Steve Zwinger (left), a research specialist at NDSU's Carrington Research Extension Center, and Frank Kutka, of the Northern Plains Sustainable Ag Society NDSU
FARMER RESEARCH: Steve Zwinger (left), a research specialist at NDSU's Carrington Research Extension Center, and Frank Kutka, of the Northern Plains Sustainable Ag Society, evaluate plants for seed production in the Farmer-Breeder Project.

Sustainable agriculture research from A to Z

Research projects funded in the North Central Region involve a wide variety of crops and livestock.

It’s interesting to see all the North Central Region Sustainable Agriculture Research and Education grants that were awarded for 2017.

There are projects involving:

• open-pollinated corn
• pasture-raised hogs
• cover crops in a wide variety of situations
• grafting cucumbers (I’ve heard of grafting apple trees, but cucumbers?)
• mushrooms
• hops
• stock dogs
• guineas (My grandmother had these. Very entertaining birds.)
• fiber flax linens
• grain-free pasture eggs
• sorghum syrup
• composted horse and donkey manure as a bio control for lavender root rot
• conversion of abandoned livestock manure pits into aquaculture ponds
• use of ground heat to reduce grain-drying costs

There’s some significant money available for these projects — more than $463,000 for farmers and ranchers and $412,000 to universities and Extension services.

Individuals in the Dakotas who received grants for projects in 2017 included:

• Ross Lockhart, of Heart and Soil Farm in Grandin, N.D., was awarded $7,500 for the project “Controlling Imported Cabbage Worm and Cabbage Looper Damage in Brassicaceae Crops in an Organic Production System.”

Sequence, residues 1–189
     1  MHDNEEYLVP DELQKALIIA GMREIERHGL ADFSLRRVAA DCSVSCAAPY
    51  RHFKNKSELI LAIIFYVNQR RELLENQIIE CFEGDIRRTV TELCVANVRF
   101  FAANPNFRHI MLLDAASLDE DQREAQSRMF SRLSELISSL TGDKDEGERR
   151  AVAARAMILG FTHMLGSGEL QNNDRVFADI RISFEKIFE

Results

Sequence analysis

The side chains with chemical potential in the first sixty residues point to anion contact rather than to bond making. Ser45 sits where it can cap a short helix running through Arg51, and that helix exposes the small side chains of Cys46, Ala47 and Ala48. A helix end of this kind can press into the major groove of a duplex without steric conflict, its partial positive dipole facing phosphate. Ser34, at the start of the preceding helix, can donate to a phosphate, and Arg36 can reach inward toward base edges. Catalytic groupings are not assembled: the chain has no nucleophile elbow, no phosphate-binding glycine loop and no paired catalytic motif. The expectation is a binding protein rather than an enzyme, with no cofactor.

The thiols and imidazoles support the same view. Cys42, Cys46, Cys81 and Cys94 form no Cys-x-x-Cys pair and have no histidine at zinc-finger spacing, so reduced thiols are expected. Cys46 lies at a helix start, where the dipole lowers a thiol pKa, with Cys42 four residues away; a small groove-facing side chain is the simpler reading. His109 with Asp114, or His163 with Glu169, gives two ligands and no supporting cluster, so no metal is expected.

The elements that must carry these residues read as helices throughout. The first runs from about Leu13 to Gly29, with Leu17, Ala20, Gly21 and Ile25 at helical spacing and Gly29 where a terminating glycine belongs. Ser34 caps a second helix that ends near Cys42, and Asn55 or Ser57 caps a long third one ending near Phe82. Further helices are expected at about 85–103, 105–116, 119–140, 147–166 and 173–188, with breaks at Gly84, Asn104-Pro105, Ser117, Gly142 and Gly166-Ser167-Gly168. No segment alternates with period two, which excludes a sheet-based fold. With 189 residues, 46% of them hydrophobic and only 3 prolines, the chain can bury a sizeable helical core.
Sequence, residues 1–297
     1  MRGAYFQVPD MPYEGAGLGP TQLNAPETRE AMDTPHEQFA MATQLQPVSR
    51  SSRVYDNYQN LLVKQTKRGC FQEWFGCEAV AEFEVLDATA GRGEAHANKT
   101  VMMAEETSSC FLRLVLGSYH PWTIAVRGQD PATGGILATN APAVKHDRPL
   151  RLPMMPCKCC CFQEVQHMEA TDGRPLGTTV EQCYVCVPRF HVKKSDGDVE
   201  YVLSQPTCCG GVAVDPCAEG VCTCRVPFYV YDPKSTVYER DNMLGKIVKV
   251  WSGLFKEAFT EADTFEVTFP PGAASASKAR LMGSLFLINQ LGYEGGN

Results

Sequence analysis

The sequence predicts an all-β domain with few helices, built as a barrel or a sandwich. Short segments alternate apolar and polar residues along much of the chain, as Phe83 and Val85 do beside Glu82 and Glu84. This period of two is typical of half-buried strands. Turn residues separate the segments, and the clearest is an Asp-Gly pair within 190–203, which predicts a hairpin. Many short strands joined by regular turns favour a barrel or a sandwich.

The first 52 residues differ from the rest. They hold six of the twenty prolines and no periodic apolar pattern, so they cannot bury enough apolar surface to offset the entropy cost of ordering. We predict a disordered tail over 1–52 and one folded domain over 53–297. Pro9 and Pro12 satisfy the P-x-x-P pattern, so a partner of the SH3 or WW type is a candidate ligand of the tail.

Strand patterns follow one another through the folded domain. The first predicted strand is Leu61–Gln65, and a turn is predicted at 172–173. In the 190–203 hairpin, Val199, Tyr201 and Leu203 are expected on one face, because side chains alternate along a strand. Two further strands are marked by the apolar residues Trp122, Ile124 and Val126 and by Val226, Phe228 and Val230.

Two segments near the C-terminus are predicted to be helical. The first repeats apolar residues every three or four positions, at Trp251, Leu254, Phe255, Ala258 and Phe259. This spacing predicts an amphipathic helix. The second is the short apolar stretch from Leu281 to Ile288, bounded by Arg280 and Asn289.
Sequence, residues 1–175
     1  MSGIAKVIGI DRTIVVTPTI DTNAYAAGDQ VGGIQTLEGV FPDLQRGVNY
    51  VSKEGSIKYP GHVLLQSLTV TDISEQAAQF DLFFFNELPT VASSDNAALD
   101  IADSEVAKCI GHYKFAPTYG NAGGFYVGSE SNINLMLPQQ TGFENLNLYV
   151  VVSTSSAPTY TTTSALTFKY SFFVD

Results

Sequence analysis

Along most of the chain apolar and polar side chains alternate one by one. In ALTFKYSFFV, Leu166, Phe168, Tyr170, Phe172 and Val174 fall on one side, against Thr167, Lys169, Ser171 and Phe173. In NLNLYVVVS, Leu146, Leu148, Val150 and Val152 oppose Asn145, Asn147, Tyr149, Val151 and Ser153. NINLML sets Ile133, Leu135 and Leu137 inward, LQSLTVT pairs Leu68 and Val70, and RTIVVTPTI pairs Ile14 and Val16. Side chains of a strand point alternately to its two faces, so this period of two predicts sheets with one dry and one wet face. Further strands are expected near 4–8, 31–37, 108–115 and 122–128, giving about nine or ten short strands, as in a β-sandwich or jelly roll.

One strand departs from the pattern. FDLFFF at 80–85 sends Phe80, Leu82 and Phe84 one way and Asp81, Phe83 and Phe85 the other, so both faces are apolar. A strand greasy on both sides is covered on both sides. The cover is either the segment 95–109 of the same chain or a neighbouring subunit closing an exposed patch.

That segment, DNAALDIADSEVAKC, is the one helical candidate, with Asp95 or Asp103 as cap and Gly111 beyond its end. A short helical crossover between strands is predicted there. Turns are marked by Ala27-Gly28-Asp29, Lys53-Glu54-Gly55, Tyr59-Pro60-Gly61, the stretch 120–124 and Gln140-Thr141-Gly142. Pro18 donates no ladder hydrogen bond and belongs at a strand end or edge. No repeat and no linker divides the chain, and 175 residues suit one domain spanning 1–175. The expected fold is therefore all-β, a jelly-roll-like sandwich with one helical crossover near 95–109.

• Clint Severance, of From the Ground Up Farm in Hunter, N.D., was awarded $15,000 for the project “Improving Soil Health by Rotationally Grazing Cattle on Full-Season Cover Crop Cocktails on a No-till Farm in the Red River Valley of North Dakota.”

• Yvonne Hines of Hines Hops Farm in Martin, S.D., was awarded $7,500 for the project “Research of Methods to Improve the Processing of Hops.”

• Abbey Wick, with North Dakota State University in Fargo, was awarded $29,488 for the project “Adoption of Cover Crops to Build Soil Health in the Northern Plains.”

• Melanie Caffe-Treml, with South Dakota State University in Brookings, was awarded $30,000 for the project “Oat Variety Trial under Organic Management: Increasing Profitability for Organic Producers in the North Central Region.”

You can see more details about the projects at the NCR SARE website. You might find something that you can use yourself, or get some ideas on what you may write a grant proposal for next year.

TAGS: Conservation
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